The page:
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Ocean Science An interactive open-access journal of the European Geosciences Union
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Volume 7, issue 2
Ocean Sci., 7, 203–217, 2011
https://doi.org/10.5194/os-7-203-2011
© Author(s) 2011. This work is distributed under
the Creative Commons Attribution 3.0 License.
Ocean Sci., 7, 203–217, 2011
https://doi.org/10.5194/os-7-203-2011
© Author(s) 2011. This work is distributed under
the Creative Commons Attribution 3.0 License.

Research article 24 Mar 2011

Research article | 24 Mar 2011

The effect of tides on dense water formation in Arctic shelf seas

C. F. Postlethwaite1, M. A. Morales Maqueda1, V. le Fouest2,*, G. R. Tattersall1,**, J. Holt1, and A. J. Willmott1 C. F. Postlethwaite et al.
  • 1National Oceanography Centre, Joseph Proudman Building, 6 Brownlow Street, Liverpool, L3 5DA, UK
  • 2The Scottish Association for Marine Science, Dunstaffnage Marine Laboratory, Oban, PA37 1QA, UK
  • *present address: Laboratoire d'Océanographie de Villefranche, BP 8 CNRS & l'Université Pierre et Marie Curie (Paris VI), 06238 Villefranche-sur-Mer Cedex, France
  • **present address: Swathe Services, 1 Winstone Beacon, Saltash, Cornwall, PL12 4RU, UK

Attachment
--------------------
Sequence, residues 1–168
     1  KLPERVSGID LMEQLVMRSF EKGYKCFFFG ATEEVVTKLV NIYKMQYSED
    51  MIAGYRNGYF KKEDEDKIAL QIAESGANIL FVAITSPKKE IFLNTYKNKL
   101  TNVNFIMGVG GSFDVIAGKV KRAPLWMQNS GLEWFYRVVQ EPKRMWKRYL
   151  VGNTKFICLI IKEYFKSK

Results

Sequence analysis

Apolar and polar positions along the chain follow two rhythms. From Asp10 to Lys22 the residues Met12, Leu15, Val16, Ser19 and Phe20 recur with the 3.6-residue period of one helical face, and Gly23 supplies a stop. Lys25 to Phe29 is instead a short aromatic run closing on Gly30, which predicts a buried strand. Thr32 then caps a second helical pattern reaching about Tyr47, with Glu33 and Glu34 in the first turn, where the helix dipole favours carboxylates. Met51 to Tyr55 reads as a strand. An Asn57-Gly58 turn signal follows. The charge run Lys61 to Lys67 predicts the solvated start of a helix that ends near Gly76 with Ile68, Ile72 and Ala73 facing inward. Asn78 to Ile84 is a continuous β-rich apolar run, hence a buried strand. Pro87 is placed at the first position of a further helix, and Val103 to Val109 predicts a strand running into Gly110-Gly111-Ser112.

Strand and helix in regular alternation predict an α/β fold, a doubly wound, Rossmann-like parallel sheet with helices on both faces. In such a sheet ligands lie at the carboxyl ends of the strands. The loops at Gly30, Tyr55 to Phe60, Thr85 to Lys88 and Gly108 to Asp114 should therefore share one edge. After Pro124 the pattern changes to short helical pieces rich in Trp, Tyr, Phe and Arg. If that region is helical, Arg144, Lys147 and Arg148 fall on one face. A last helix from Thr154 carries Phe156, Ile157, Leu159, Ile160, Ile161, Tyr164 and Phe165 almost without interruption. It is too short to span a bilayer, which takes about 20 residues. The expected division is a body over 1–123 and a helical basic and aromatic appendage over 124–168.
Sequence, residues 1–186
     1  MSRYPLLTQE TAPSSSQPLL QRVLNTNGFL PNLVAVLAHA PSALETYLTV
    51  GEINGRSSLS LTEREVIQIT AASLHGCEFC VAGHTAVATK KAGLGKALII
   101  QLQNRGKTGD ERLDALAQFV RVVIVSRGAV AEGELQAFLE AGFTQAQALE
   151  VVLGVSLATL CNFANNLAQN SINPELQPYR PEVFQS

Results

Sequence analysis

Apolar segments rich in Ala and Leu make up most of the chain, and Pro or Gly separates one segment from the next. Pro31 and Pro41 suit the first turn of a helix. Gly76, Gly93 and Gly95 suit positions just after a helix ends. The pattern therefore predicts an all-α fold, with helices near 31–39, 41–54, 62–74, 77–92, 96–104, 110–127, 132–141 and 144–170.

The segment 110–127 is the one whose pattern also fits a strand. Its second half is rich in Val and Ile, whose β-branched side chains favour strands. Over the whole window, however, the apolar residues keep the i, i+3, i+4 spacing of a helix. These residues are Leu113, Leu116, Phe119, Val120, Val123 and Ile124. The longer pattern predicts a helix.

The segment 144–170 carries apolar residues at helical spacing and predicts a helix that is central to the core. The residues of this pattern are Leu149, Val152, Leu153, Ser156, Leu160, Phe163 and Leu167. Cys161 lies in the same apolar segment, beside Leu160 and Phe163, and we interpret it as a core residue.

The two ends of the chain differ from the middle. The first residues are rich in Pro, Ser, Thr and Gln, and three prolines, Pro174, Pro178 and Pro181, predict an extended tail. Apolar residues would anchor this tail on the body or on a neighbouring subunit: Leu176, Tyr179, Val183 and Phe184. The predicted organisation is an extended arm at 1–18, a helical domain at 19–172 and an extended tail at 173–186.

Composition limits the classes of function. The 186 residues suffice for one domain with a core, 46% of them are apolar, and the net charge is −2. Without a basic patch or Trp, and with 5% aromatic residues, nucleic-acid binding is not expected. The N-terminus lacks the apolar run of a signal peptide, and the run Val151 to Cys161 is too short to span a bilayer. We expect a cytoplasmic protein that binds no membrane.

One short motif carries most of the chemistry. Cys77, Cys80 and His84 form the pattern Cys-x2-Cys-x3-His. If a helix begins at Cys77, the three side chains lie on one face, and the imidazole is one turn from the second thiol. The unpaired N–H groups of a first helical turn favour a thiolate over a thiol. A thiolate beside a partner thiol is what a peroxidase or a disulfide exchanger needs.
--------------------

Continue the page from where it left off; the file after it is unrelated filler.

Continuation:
Abstract. Ocean tides are not explicitly included in many ocean general circulation models, which will therefore omit any interactions between tides and the cryosphere. We present model simulations of the wind and buoyancy driven circulation and tides of the Barents and Kara Seas, using a 25 km × 25 km 3-D ocean circulation model coupled to a dynamic and thermodynamic sea ice model. The modeled tidal amplitudes are compared with tide gauge data and sea ice extent is compared with satellite data. Including tides in the model is found to have little impact on overall sea ice extent but is found to delay freeze up and hasten the onset of melting in tidally active coastal regions. The impact that including tides in the model has on the salt budget is investigated and found to be regionally dependent. The vertically integrated salt budget is dominated by lateral advection. This increases significantly when tides are included in the model in the Pechora Sea and around Svalbard where tides are strong. Tides increase the salt flux from sea ice by 50% in the Pechora and White Seas but have little impact elsewhere. This study suggests that the interaction between ocean tides and sea ice should not be neglected when modeling the Arctic.

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